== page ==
When you stop and think about the multiple factors that keep your business in motion, raise revenue, and cut costs, worker safety lies just under the surface. A commitment to a safe workplace means longer retention, higher productivity, and a greater sense of mutual trust between your teams and their managers. All of these translate into boosts for your bottom line, and of course your company can also benefit from a decreased risk of expensive lawsuits and compensation claims. Make sure you’re sending a clear message to your teams: safety matters. Here are a few ways to get your point across.
Implement safety policies and actually enforce them.
Don’t create a new policy based on a “rule” that can’t be enforced. Every rule that’s officially in the books should be concrete, not abstract, and should be enforceable through the application of clear incentives and punishments for non-compliance. If you want employees to respect hard hat zones, for example, find a way to crack down on those who ignore the rule, including managers and executives.
Keep records and use them.
When an incident or accident occurs, document the episode even if no one was hurt. And don’t just keep these records; actively refer to them and use them to direct and shape future safety policies. If a certain number of people slip on a specific wet floor every year, know this number, and be able to recognize patterns that can help you contain and eliminate the danger. Are there also visibility problems in this same area? Do the falls occur when employees are carrying objects or moving too quickly? Use your records answer these questions and solve the problem.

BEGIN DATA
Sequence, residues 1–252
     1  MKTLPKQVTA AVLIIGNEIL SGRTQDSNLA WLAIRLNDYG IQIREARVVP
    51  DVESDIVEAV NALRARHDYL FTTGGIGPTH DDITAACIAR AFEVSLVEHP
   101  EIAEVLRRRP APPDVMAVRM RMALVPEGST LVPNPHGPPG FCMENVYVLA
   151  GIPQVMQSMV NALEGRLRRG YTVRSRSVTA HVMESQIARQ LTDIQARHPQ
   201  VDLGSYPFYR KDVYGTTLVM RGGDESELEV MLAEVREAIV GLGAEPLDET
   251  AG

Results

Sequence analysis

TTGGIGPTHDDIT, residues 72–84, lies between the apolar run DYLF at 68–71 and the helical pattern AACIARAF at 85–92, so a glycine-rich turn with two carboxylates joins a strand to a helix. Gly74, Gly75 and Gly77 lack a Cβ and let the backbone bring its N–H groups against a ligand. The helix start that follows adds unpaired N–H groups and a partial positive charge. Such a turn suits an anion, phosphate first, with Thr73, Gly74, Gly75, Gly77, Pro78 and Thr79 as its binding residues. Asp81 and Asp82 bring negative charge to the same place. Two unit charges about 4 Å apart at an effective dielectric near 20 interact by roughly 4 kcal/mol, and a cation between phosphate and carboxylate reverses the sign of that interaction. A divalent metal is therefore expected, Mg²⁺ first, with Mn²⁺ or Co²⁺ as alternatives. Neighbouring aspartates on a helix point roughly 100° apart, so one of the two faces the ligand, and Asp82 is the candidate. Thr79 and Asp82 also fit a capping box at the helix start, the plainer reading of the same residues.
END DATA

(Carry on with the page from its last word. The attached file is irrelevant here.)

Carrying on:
Listen to complaints and act on them.
If an employee complains about a wet floor issue, don’t just ignore the complaint until someone falls and gets hurt. Even if there’s nothing you can do about the problem just yet, make sure the employee feels heard and acknowledged, and make it clear that you’re taking steps toward a solution. The only thing worse than a dangerous floor is a dangerous floor combined with an atmosphere of employee mistrust.
Perform regular safety audits.
Don’t wait until government inspectors or insurance officials show up at your door; conduct your own safety inspections and do so on a regular schedule. For the sake of efficiency, use an audit system. For example, don’t white glove every door frame, just choose three door frames at random for each inspection. Attack critical points at which your unique safety problems seem to arise.
For more on how to keep your workplace safe and let your employees know that you’re committed to their protection, reach out to the staffing team at CSS.